gardenapril09 013On the patio looking down the SW side of the house. The big green bushes in front are some of the potted potatoes.

gardenapril09 014This sad looking Red Currant tomato nealy drowned. It’s planted in an old ice chest and I didn’t realize the drain plug got closed up. But it’s making a come back and even delivered up our first taste of homegrown tomatoes.

gardenapril09 015Yard long bean seedlings in a planter by the house. They’ll grow up to shade the laundry room windows.

gardenapril09 016The trombocino squash is taking off.

gardenapril09 017On the patio tomatoes grow in old ice chests and peppers in the orange pots.

gardenapril09 018!st big red tomato, an Imur Prior Beta, it weighed 1 1/2 ounces and tasted delicious.

gardenapril09 020The Kabocha squash was rudely pruned by a pack rat

gardenapril09 021The buckwheat is blooming. mmmm buckwheat pancakes, coming up!
gardenapril09 022The chickens enjoy scratching in their new spot.

gardenapril09 023A wild sunflower with very tiny seeds volunteers in the raspberry bed.

gardenapril09 025The Baba raspberries are showing some color.

gardenapril09 026The new garden area: paths laid, beds made, planted with popping sorghum, quinoa and Bloody Butcher corn.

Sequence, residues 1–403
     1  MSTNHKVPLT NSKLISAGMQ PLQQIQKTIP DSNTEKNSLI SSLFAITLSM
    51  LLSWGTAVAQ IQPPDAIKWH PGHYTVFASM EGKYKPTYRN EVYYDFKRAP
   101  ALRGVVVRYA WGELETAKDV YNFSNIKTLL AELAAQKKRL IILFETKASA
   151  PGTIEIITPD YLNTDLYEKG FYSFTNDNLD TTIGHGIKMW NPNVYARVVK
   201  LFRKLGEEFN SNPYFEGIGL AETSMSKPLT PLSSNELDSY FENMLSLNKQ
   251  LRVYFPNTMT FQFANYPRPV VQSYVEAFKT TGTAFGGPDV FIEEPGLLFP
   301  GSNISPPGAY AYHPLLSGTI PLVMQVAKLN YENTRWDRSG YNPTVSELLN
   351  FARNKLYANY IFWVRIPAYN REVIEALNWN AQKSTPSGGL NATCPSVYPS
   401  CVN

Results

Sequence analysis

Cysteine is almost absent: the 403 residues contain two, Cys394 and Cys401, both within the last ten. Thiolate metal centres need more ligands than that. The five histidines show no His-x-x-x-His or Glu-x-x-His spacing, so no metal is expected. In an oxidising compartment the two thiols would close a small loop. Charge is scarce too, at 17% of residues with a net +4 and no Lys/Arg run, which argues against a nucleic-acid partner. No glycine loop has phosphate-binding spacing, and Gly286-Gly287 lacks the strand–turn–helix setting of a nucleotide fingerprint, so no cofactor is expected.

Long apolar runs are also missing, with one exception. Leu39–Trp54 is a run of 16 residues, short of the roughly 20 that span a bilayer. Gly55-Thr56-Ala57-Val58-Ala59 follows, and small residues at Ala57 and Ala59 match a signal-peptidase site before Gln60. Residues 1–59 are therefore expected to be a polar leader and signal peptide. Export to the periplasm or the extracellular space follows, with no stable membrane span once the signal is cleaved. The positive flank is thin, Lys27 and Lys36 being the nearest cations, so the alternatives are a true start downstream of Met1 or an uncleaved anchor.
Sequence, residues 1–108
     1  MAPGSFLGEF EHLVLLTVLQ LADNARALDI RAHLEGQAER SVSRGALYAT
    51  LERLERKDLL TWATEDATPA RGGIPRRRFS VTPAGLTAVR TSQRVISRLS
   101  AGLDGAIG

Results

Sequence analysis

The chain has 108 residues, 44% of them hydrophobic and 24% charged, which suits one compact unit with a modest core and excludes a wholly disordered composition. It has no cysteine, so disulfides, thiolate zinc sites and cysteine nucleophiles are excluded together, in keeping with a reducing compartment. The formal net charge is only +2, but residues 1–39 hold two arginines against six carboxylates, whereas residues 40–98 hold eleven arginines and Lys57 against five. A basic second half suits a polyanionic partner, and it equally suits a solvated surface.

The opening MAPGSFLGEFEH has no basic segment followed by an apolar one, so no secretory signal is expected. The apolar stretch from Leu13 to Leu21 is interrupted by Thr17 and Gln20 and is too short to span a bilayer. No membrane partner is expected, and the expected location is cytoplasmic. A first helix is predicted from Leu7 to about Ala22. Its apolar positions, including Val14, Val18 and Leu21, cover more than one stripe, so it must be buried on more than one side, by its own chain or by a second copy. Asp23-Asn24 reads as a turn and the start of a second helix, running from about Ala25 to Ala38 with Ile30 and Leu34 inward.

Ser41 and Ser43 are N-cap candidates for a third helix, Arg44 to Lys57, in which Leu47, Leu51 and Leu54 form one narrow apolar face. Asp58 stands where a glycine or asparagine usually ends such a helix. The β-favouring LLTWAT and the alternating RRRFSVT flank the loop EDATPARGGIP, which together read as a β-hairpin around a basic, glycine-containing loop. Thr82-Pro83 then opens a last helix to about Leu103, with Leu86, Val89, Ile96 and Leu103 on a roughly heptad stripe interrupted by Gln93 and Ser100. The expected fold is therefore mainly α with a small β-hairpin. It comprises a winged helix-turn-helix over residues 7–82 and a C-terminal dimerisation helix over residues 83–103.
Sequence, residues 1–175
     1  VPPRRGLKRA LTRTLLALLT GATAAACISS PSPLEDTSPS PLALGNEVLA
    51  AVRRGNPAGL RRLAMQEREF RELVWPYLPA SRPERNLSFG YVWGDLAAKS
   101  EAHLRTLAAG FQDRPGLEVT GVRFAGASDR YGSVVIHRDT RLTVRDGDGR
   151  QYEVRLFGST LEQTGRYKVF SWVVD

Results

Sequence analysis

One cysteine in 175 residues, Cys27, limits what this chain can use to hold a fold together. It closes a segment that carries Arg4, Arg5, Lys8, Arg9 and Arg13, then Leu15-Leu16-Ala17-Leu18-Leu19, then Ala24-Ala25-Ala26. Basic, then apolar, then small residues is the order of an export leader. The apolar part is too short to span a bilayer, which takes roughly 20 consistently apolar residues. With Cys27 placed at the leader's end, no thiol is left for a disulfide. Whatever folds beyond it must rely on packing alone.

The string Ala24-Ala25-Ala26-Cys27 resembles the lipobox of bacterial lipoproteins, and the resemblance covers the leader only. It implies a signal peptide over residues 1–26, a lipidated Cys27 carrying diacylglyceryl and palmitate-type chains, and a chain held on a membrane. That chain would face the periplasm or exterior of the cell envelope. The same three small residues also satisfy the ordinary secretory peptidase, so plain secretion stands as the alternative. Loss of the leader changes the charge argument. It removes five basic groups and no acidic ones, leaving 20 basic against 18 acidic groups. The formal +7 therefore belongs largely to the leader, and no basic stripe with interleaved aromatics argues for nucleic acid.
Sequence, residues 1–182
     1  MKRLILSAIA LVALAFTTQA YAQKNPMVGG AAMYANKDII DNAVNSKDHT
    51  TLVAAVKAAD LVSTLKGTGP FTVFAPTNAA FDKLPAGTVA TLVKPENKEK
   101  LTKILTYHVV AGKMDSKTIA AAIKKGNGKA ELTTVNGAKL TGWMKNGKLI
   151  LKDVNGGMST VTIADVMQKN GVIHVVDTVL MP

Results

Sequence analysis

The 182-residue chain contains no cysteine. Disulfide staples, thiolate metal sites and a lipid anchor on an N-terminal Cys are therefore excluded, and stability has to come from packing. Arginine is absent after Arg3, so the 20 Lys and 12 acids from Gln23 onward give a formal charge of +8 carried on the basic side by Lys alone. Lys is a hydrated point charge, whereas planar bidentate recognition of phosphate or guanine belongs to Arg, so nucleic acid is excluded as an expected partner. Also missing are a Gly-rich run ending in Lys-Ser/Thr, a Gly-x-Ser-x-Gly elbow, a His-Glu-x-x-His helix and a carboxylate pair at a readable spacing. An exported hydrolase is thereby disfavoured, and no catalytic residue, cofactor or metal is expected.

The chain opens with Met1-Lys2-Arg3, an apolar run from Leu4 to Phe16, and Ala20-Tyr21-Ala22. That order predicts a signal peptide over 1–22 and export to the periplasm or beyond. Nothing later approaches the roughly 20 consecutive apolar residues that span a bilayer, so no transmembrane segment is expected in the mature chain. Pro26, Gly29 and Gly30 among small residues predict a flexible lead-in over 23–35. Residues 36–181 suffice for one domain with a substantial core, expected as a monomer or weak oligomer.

gardenapril09 027Potatoes in the ground out front aren’t as big and lush as the potted ones on the patio, but doing ok under 6 inches of sawdust mulch.

gardenapril09 028Bloody Butcher corn seedlings. The sticks along the edge of the bed are guides to keep small children on the path.

gardenapril09 030King of the Garden Lima beans are taking off up their trellis.

gardenapril09 031Pencil pod yellow wax beans await transplanting.

gardenapril09 032Poppies and wildflowers bloom along the driveway.

gardenapril09 033A strong smelling sage blooms

gardenapril09 034WOW! look at those melons taking off.

gardenapril09 035Yippee! A baby watermelon

gardenapril09 036The Baby Blue Hubbards are blooming. That compost pile is still hot, 138 degrees!

gardenapril09 037More wild flowers, poppies, a corn flower and a baby apple along the drive way

gardenapril09 038A bee buzzes a bright red poppy full of pollen.

Varieties Growing in 2009

Well, I’m getting around to a few things, one is a list of what’s growing this year, this includes things we’ve already harvested and eaten as well as what’s in the ground now. But it doesn’t include things that I will plant in the future. Altogether I count 132 edible varieties. That number will grow somewhat as the rest of the summer planting goes in and later on when I put in the fall and winter crops.


This is a list of varieties of vegetables, fruits, herbs and edible flowers grown in 2009. Items marked with * are from home grown seed.



*Apache Purple Pod

King of the Garden Lima


Yardlong or Asparagus Beans



*large mixed [yellow, pink, red, white]


Danvers Half Long


Purple Dragon


Purple Sprouting Broccoli

Purple cauliflower

White cauliflower


Chires Baby Corn

Bloody Butcher


Black Beauty

Neon Hybrid

*Neon F2


Lettuce mix

Bloomsdale Long Standing Spinach

*Swiss chard



*Red Russian Kale

Giant Red Mustard

Pak Choy

NZ spinach

Malabar spinach



Basil, Lettuce leaf

Basil, Spicy Globe

Basil, Thai



*Cilantro / coriander

Chives, regular

Chives, garlic

Chaste tree, aka Monk’s pepper, buddleia, summer lilac







Marigold, Lemon Gem

Marigold, Tangerine Gem

Marigold, Texas Tarragon

Mint, peppermint